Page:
Canadian Astronaut Chris Hadfield Tells William Shatner to “Soak it Up” Ahead of His Record-Setting Space Flight
At the age of 90, William Shatner will become the oldest person to ever enter space when he exits Earth's atmosphere aboard Jeff Bezos' Blue Origin rocket ship on Wednesday. Photo: AP Photo / Steven Senne
Canadian astronaut Chris Hadfield is encouraging William Shatner to follow the wise words the actor himself uttered as Captain James T. Kirk ahead of his space launch on Wednesday: “Boldly go.”
Hadfield, 62, said he quoted the Star Trek actor’s famous line in a note wishing Shatner, 90, well ahead of his space launch aboard Jeff Bezos’ Blue Origin rocket ship on Wednesday. The flight, originally scheduled for Tuesday, was delayed 24 hours due to high winds.
Hadfield, a self-professed Trekkie and first Canadian commander of the International Space Station, said he was thrilled to hear his fellow Canuck would experience authentic space flight after years of playing the captain of the fictitious USS Enterprise.
“I think it’s great that a little kid from Montreal, who portrayed a legendary starship captain who inspired me as a kid, is now actually going to be weightless and in space and seeing the curve of the world from above,” Hadfield told The Canadian Press.
In 2013, long before space tourism took flight, Shatner picked Hadfield’s brain on space travel as he was floating aboard the International Space Station. One of the Star Trek actor’s burning questions was how Hadfield deals with fears surrounding the dangers of space travel. Hadfield explained that preparation was key in staving off any fear, likening it to an actor knowing his lines.
Revisiting that analogy ahead of the actor’s space flight, Hadfield maintained that Shatner’s years of experience on the stage would serve him well for his upcoming voyage.
“He’s done a lot of live theatre, and there’s pressure in that your entire reputation relies on your preparation and your skill,” Hadfield, whose debut novel, The Apollo Murders, hit shelves today, said in the same interview.
“He’s a super experienced and interesting and self-propelled guy. He’ll be fine.”
Hadfield also noted that Wednesday’s flight to space would differ greatly from Captain Kirk’s intergalactic adventures and his own travels in space. While Shatner piloted the USS Enterprise as a performer, he’ll be one of four passengers aboard Blue Origin’s New Shepard NS-18 capsule.
Instead of traversing the cosmos, Shatner’s suborbital flight will last 10 minutes and reach no higher than about 66 miles — just above the 62-mile “Kármán line” set by the Fédération aéronautique internationale as the boundary between Earth’s atmosphere and space.
“It’s sort of like the difference between diving into a swimming pool and swimming the Atlantic,” said Hadfield.
“It’s a purely physical, personal, psychological experience for him. Whereas the character he portrayed on Star Trek, or the reality of my space flight experience, that’s their life. That’s where they live. The environment defines who they are.”
The Gravity of Age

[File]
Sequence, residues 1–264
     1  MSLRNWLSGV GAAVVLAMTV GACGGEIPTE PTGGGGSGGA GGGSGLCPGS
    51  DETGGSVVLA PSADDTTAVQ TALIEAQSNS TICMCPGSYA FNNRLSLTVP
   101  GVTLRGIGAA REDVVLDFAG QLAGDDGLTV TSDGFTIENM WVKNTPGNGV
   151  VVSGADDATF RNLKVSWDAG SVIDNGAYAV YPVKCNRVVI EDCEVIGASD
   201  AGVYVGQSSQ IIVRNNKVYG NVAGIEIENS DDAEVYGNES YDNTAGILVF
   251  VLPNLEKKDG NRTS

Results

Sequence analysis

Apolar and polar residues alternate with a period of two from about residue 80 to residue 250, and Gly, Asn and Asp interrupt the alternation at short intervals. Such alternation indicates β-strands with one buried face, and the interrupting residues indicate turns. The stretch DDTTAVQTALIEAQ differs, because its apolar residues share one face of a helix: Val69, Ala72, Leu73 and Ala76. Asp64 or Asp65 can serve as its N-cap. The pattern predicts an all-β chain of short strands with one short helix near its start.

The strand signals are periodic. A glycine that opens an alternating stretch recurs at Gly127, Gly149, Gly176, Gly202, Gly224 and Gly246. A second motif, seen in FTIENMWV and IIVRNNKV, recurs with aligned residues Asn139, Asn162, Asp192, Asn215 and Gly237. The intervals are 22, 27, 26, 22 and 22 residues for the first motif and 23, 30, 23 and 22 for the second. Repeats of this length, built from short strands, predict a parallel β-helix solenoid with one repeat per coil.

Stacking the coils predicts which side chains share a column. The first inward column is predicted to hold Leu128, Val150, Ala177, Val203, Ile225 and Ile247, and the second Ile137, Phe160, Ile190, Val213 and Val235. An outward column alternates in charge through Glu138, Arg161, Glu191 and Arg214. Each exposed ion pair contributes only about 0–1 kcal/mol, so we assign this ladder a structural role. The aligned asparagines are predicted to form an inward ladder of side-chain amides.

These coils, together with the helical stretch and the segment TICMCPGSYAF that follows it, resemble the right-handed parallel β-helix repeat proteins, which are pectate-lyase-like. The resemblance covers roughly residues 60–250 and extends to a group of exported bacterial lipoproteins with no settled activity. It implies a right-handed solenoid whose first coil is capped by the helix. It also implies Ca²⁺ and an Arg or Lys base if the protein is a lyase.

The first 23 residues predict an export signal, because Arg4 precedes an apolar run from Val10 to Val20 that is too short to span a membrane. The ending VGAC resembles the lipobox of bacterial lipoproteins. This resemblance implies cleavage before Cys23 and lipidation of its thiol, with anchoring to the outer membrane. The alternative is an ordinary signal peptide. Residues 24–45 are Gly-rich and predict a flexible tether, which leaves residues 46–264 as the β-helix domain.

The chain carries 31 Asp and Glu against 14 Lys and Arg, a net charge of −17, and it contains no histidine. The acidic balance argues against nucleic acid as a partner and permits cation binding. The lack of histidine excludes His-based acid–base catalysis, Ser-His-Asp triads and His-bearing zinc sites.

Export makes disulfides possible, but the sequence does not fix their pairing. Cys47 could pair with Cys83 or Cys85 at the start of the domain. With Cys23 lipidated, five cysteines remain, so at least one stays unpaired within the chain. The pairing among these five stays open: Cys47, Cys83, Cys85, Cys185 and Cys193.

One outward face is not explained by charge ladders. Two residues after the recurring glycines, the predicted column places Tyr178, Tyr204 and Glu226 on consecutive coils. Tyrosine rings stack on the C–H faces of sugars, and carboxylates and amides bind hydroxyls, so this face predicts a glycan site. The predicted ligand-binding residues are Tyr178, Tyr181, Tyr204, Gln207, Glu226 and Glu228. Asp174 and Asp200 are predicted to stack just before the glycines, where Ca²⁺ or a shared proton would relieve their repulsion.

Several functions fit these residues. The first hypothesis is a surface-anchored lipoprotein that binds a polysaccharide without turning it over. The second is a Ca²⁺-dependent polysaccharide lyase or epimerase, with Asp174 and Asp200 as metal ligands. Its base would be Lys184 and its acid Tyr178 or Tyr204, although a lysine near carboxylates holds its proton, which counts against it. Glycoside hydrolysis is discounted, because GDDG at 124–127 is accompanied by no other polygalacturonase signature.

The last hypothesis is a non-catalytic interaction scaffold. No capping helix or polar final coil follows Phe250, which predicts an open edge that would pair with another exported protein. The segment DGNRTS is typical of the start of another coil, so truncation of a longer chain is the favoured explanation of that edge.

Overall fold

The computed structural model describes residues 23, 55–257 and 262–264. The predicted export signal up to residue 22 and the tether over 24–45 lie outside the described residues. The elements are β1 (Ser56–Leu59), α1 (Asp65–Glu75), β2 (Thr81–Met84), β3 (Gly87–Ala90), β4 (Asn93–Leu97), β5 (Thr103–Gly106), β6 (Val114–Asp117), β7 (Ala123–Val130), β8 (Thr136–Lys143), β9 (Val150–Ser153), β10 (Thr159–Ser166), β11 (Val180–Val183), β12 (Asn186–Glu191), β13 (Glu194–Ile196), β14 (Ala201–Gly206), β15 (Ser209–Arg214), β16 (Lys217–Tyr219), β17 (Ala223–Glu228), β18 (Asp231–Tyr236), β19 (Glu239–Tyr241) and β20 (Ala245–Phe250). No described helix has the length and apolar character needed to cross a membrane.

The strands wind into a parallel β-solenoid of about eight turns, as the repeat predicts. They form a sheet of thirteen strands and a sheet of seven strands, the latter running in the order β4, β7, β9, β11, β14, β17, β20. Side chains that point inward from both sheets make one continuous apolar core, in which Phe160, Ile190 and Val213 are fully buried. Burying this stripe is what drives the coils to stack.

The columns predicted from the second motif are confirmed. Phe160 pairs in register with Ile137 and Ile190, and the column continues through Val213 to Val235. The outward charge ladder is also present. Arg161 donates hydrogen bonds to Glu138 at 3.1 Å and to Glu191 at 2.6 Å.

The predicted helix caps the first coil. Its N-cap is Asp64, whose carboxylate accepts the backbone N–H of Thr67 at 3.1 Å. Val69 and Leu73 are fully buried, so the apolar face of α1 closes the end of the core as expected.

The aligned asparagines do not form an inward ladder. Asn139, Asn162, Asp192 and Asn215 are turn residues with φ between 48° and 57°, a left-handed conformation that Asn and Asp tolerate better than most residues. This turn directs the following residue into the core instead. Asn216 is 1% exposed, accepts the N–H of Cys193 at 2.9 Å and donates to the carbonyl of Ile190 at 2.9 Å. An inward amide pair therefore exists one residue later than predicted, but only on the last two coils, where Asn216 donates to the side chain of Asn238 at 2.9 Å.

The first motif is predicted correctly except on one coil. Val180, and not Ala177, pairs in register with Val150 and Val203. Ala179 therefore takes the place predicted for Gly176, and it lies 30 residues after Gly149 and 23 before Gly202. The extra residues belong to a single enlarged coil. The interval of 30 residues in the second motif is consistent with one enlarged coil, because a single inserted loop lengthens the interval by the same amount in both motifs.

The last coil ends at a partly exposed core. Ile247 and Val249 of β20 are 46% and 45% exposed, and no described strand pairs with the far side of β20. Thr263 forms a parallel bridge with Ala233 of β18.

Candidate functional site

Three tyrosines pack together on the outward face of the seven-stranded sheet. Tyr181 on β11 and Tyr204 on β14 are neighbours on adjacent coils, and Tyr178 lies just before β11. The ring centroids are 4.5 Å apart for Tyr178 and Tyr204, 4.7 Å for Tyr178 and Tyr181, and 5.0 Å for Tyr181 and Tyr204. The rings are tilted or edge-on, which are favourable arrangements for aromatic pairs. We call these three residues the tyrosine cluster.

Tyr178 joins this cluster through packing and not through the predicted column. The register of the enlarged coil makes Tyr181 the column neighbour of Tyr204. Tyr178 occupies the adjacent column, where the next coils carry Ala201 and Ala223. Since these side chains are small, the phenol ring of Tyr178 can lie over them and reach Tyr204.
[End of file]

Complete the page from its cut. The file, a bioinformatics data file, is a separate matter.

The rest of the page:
At 90 years old, Shatner will have the distinction of becoming the oldest person to enter space, beating out former pilot Wally Funk who set the record aboard Blue Origin’s debut launch at the age of 82.
At New York Comic-Con last week, Shatner said he had no interest in taking up the mantle.
“I don’t want to be the oldest guy in space,” Shatner said of his reply when Jeff Bezos told him of the record. “I’m Captain Kirk!”
When it comes to the physical demands of space flight, however, Hadfield said age is just a number and that there are a variety of medical factors that determine whether a passenger can safely sustain the rigours of rocket launch and re-entry.
“It’s a very benign flight profile,” he said of Shatner’s upcoming launch. “If you would trust your 90-year-old relative on a really rough roller-coaster, then I think you could trust him on this particular spaceship.”
For his part, Shatner isn’t worried about the wear and tear of a rough launch.
“The only thing about age that has application to this particular vehicle is getting in and out of the seat with any kind of arthritis,” Shatner told CNN on Monday.
“So unless you’re really supple, getting in and out of the seats in weight, when we’re in gravity, is a chore. But of course it’s designed [for us] to float out of the seat, in weightlessness.”
Asked how he was feeling ahead of the launch, Shatner, who last week told the New York Comic-Con audience that he was terrified, says he’s looking forward to that moment of weightlessness and inspiration.
“I’ll be very happy when we go up and we’re in weightlessness, because everything else should be all right,” Shatner told CNN.
“And we’ll have that moment of inspiration, which I feel will be there when we’re looking into the vastness of the universe.”
When asked for some final words of advice for the Star Trek actor, Hadfield insisted that his wealth of life experience was all he would need.
But if he had one suggestion, it would be to simply enjoy the ride.
“Make the absolute most of it. Don’t miss the experience worrying about ancillary stuff,” said the former astronaut. “Really soak it up.”
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